Should Children Accused of Serious Crimes be Brought before Adult Courts?

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Downing Centre Local Court

A 17-year old was recently charged with fatal stabbing a man in Sydney’s west.

The victim was found in Fitzwilliam Street in Parramatta with a stab wound to his chest. He was treated by Ambulance officers but later died in Westmead Hospital.

Police arrested three teenagers in a nearby street and charged a 17-year old with murder.

A 19-year old was charged with Affray and will appear in court later this month.

A 16-year old has been released pending further inquiries.

Police are still searching the area for the weapon and appealing for witnesses to come forward.

What next?

The 17-year old appeared in Parramatta Children’s Court but, due to the nature of the charge, his matter will eventually be referred to the Supreme Court to be dealt with.

The practice of dealing with children in adult courts is a controversial one, with some of the view that kids should always be dealt with in the specialist Children’s Court while others arguing that serious crimes should come before higher courts such as the District and Supreme Court.

What does the law say?

The Children (Criminal Proceedings) Act 1987 (‘the Act’) sets out many of the rules relating to criminal and traffic law proceedings involving those under the age of 18 years in New South Wales.

Section 5 of the Act provides that no child under the age of 10 can be guilty of an offence. This is known as the age of criminal responsibility.

Section 28(1) empowers the Children’s Court to hear and determine the following matters provided the defendant was under 18 at the time of the alleged offence and under 21 when charged:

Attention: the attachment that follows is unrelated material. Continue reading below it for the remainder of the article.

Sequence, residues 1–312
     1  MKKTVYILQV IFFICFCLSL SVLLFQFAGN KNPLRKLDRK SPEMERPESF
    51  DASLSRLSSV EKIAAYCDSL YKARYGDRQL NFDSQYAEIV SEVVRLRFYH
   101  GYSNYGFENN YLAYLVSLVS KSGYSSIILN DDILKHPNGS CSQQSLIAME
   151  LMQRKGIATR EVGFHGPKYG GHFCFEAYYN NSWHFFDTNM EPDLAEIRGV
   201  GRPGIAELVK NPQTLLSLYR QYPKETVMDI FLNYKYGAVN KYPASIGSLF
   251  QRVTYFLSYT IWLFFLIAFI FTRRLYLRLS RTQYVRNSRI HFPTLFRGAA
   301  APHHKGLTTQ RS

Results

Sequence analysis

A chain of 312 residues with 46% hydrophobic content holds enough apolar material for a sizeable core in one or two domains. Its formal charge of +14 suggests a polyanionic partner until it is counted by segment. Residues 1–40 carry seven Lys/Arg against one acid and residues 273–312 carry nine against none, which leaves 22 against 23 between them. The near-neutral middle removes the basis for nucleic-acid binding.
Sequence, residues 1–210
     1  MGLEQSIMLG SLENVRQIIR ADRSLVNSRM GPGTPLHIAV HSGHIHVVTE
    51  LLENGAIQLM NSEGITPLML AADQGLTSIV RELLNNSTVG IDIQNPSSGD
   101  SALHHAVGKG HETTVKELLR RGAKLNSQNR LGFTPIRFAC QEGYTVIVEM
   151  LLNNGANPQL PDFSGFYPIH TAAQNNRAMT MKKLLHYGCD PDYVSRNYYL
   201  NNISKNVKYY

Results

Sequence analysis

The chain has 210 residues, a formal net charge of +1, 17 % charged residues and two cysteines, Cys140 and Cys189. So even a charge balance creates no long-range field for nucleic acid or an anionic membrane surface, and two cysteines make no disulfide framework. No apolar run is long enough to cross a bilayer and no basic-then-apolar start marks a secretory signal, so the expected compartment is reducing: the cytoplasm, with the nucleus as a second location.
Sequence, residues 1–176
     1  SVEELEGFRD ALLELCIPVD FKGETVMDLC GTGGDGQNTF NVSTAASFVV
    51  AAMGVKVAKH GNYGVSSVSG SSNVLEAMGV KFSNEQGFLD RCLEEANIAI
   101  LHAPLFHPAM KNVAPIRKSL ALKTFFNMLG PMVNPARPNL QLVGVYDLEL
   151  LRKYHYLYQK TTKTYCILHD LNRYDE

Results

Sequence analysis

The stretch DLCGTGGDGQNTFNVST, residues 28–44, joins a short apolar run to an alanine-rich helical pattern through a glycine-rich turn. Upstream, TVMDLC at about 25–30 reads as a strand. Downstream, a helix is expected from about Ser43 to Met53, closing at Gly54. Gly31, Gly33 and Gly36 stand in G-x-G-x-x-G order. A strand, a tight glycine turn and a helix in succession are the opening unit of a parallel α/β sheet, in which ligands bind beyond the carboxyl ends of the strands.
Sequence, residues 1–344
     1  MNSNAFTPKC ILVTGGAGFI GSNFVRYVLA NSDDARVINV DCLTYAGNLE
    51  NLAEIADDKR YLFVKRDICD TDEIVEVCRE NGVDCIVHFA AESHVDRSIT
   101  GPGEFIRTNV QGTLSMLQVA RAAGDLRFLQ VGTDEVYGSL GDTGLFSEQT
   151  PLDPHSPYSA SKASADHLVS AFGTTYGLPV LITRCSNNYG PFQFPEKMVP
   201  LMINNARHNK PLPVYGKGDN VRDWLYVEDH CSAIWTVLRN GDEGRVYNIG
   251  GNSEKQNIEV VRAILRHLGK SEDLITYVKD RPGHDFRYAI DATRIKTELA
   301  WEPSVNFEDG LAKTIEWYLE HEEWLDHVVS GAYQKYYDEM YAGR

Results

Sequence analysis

• proceedings for any offence other than a ‘serious children’s indictable offence’, and
  • committal proceedings for any offence.

A serious children’s indictable offence is defined as:

  • homicide,
  • aggravated sexual assault under section 61J of the Crimes Act, or an attempt to commit that offence, unless the complainant was under the age of 16,
  • assault with intent to have sexual intercourse under section 61K, of the Crimes Act, or an attempt to commit that offence,
  • manufacturing or selling firearms under the Firearms Act 1996 where the maximum penalty is 20 years in prison,
  • any offence punishable by 25 years or life in prison, and
  • any other indictable offence which may be prescribed by the regulations as a serious children’s indictable offence.

These matters must be heard and determined in adult courts.

Additionally, subsection 28(2) makes clear the Children’s Court does not have jurisdiction to hear and determine a traffic offences unless:

  • it arose out of the same circumstances as another offence for which the person is before the court, or
  • the person was not old enough to obtain a licence or permit when the offence was alleged to have been committed.

A traffic offence is broadly defined as any contained in the:

  • road transport legislation,
  • Roads Act 1993,
  • Motor Accidents Compensation Act 1999,
  • Motor Vehicles (Third PartyInsurance) Act 1942, and
  • Recreation Vehicles Act 1983.